There are now eight large cardboard recycling containers sited across the Cotswold District and one of them – at Kingsmeadow Tesco, Cirencester – was full up within just two hours of being emptied last Friday (28th December).

“We have been overwhelmed by the success of our cardboard recycling during 2007,” said Ralph Young, Cotswold District Council’s Director of Environmental Services.

“During the year, we increased the number of cardboard banks from two to eight and have seen the amount of cardboard being recycled in the District increase from around two tonnes to 20 tonnes per month.

“The amount of card and cardboard being recycled reached unprecedented levels over Christmas due to all the extra packaging and staff from the Council and our contractors have been working very hard to keep up with the demand.

“There have been a few occasions when the recycling banks have overflowed but we have now increased the frequency of collections at all sites and are confident we will stay on top of the situation in the New Year.”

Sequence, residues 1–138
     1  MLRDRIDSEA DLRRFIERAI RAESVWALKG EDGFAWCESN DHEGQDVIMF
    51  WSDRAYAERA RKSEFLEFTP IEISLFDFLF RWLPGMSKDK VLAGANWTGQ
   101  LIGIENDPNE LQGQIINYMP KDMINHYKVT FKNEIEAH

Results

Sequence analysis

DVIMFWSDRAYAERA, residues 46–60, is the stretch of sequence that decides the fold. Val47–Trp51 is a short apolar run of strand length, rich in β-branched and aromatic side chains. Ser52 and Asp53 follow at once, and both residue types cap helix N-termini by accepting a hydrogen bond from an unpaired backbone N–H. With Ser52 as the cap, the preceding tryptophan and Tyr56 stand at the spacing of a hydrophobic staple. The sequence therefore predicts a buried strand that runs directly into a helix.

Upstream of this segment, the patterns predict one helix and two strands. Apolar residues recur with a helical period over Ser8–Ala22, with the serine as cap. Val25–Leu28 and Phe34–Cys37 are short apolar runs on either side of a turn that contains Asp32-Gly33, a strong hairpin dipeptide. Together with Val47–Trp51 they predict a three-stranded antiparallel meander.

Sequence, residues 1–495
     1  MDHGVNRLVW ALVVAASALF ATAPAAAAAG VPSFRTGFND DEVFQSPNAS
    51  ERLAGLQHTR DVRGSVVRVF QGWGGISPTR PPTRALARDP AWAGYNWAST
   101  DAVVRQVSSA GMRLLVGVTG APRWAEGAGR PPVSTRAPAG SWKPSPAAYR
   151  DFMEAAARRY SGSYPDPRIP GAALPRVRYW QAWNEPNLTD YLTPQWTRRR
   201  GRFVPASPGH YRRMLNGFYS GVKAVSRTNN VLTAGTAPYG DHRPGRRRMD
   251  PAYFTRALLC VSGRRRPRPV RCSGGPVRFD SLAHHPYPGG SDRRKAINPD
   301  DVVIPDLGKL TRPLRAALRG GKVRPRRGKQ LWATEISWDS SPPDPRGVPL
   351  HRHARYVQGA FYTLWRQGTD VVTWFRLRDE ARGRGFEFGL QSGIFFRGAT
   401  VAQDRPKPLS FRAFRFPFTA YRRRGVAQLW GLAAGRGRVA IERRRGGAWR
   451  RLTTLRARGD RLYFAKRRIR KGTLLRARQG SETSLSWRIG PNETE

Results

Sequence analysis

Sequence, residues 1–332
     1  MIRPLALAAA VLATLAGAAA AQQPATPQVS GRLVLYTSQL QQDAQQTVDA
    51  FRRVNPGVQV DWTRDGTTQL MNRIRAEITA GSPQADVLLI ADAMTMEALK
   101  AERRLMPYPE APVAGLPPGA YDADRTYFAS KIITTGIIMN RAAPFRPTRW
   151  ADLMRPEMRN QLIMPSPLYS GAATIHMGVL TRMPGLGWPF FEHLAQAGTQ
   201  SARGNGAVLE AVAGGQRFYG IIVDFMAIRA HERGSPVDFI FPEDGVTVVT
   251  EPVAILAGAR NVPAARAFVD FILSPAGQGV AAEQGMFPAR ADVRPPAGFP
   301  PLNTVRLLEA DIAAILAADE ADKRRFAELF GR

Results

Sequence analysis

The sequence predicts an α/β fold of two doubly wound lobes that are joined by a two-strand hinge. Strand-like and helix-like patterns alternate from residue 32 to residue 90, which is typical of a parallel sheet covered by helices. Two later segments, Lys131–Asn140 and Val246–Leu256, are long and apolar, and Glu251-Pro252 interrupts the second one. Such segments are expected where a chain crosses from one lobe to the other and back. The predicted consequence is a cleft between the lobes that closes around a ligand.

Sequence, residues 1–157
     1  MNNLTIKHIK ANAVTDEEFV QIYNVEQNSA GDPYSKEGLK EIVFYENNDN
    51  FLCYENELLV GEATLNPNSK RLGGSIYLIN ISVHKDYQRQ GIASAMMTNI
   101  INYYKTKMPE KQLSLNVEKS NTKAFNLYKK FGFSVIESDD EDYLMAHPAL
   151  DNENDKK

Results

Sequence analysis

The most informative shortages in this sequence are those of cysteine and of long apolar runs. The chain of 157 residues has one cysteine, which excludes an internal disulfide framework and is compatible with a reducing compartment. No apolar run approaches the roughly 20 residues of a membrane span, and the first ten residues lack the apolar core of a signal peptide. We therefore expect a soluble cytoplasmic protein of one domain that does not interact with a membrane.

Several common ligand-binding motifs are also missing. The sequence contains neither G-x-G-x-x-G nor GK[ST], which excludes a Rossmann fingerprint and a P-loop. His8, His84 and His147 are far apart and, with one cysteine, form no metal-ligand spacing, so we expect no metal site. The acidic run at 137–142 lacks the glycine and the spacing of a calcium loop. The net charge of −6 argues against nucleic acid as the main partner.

A small minority of residents made the Council’s job more difficult over the Christmas holiday period by dumping general household waste at recycling sites.

Mr Young added: “The vast majority of Cotswold residents are keen recyclers and most of those who use the recycling banks are doing a great job. However, there are a few people who abuse the facilities by dumping non-recyclable waste. We would urge this small minority to stop acting selfishly.”

To find out more about recycling services in the Cotswolds and information on your nearest recycling banks, visit www.recycleforgloucestershire.com